The intersection of these tubes was measured to determine how to braze the last lug. I would hate to braze it according to my calculations, and find that errors in my tube straightness and the like had made my final lug worthless.

The rear tubes (seat stays) are held straight by 8020. The towel on the seat tube is to cool the tube and prevent heat transfer into the carbon below.

The rear tubes (seat stays) are held straight by 8020. The towel on the seat tube is to cool the tube and prevent heat transfer into the carbon below.

The final lug

The final lug

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Torch blued.

The carbon tubes were pressed all the way into the assembly in the foreground. This was attached to the top tube. The preattached tubes were then carefully extended onto their corresponding steel mates.

The carbon tubes were pressed all the way into the assembly in the foreground. This was attached to the top tube. The preattached tubes were then carefully extended onto their corresponding steel mates.

That leaves us with this. An old style lugged carbon frame with even older style gun bluing. All with modernized component compatibility. I suppose in the end, with it’s 1800s retro-futurist aspect, it’s a steampunk bike. I personally was leaning a bit more techno cowboy than Victorian England, but the brass really dominates.

0420162240

There are some finishing touches. I want to refinish the carbon fiber and clear coat it. After that, just needs to have parts fitted to it.

 

BUDGET

This just completely fell apart. I was determined to finish and to do it right.

Steel: ~$150

Brazing: $240

Carbon: $180

Tools: $100

Total: ~$670

 

 

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6 Comments. Leave new

  • Albert Como
    Andre Szlendak
    May 2, 2016 7:05 pm

    Marvelous job with the tolerances, I imagine this came mostly from your superior jigging. Do you intend to add some bottle fillets? Makes me kind of sad that the current build isn’t keeping with your intended era or a modern full group, but I understand money gets in the way. Overall this is an amazing project and I’m very impressed how cheap you were able to do it with. Maybe add some parts where you could potentially cut cost.

    Reply
  • Albert Como
    Joseph Yoshimura
    April 28, 2016 11:01 pm

    Awesome project! We all know that you put in an incredible amount of work into it and it turned out great. When you presented I just wanted to break one of those carbon fiber tubes, but as you described, they are incredibly strong, thus signifying that your bike is also incredibly strong! Was the brazing a desired look you were going for? I actually think I might like it more if it was more uniform, but that is just me. Overall though, it looks great.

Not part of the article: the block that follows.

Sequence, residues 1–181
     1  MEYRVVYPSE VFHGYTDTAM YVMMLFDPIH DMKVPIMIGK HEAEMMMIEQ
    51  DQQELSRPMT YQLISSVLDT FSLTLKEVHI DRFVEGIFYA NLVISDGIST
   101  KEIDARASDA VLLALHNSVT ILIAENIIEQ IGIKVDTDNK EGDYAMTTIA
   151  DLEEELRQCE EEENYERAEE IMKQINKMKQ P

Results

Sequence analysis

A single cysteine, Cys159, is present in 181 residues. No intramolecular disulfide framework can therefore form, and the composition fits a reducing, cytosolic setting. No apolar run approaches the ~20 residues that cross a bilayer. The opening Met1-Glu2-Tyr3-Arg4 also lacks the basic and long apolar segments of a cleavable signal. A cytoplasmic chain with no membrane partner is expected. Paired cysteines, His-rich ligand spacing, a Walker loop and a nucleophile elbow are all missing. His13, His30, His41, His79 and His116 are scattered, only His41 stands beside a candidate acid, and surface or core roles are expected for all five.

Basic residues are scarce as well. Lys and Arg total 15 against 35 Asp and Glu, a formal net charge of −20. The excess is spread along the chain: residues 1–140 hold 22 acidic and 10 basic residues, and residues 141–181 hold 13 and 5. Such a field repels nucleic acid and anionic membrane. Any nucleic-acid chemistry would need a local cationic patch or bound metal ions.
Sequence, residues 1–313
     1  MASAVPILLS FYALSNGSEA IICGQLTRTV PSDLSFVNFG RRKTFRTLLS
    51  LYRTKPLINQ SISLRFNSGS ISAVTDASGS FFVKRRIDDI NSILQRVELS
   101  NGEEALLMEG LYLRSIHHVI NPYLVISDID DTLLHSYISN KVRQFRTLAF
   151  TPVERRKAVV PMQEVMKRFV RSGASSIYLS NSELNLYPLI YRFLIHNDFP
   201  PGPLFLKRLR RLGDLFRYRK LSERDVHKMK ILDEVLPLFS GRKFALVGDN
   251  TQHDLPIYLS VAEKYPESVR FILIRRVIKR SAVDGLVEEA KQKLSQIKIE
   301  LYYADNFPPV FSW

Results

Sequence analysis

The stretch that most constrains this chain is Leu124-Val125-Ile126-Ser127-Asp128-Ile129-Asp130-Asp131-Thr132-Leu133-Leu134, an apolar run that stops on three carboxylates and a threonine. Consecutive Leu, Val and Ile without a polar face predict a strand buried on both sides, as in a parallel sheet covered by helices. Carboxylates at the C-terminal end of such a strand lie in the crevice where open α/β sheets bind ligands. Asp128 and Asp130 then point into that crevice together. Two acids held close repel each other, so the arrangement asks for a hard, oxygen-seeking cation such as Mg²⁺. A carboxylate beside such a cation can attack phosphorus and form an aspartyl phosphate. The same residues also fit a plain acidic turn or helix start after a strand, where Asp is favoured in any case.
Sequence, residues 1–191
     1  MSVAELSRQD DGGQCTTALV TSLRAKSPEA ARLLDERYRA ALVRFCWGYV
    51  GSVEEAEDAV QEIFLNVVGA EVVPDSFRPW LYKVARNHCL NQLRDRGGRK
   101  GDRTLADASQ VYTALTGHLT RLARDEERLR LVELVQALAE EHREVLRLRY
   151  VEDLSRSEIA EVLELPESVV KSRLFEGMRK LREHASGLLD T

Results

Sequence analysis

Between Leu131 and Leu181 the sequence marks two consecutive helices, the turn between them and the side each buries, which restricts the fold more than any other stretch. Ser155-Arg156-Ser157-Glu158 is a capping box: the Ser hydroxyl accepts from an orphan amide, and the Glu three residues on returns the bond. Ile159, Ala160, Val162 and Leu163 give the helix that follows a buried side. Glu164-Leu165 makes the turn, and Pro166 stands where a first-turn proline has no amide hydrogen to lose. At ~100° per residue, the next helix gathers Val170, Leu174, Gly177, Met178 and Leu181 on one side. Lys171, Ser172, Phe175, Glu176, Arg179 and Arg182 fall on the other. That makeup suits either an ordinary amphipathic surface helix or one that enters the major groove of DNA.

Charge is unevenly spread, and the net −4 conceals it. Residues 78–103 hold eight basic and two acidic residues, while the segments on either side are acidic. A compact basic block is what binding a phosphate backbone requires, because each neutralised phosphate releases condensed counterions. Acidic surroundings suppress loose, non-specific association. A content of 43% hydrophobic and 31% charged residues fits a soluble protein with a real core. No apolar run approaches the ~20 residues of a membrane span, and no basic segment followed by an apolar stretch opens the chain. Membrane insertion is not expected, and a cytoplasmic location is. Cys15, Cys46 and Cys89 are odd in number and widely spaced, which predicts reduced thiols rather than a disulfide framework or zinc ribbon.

Reply
  • Albert Como
    Ryan Yankowsky
    April 25, 2016 10:48 am

    The final project looked great, from the carbon fiber to the brazing, the bike was quite attractive. Putting so much time and effort into the project really paid off, even if some of the smaller details were not met to exact spec, like the warped carbon member. One note, the rear end seemed quite flexible as you were riding, you may get a bit of dampening out of the rear triangle similar to a MOOTS frame, on a second attempt would you consider adding suspension?
    Good work, I’m sure we’ll see your ride around campus.

    Reply
    • What do you mean it looked flexible? Could you see visible flexing? To some degree, that is in the design. The chainstay has leaf springs like parts in it. The flex shouldn’t be visible though, so this worries me

      I’m not sure what the next frame will be, but full suspension is tempting

      Reply
  • Albert Como
    Gardner Nichols
    April 24, 2016 7:53 pm

    Awesome project! Having made the carbon skateboard, I understand the pain with carbon you may have had. I like the look of the brass and the carbon, its a great mix and contrast of materials. For the carbon tubes, did you consider using a metal tube as your mold and wrapping the layup in a vacuum bag or plastic? It may have helped get a cleaner surface finish. Overall, this is a very impressive project that came out looking great!

    Reply
    • The critical dimensions are on the outside of the tube, and with my process, I think I needed to do it the way I did.

      Reply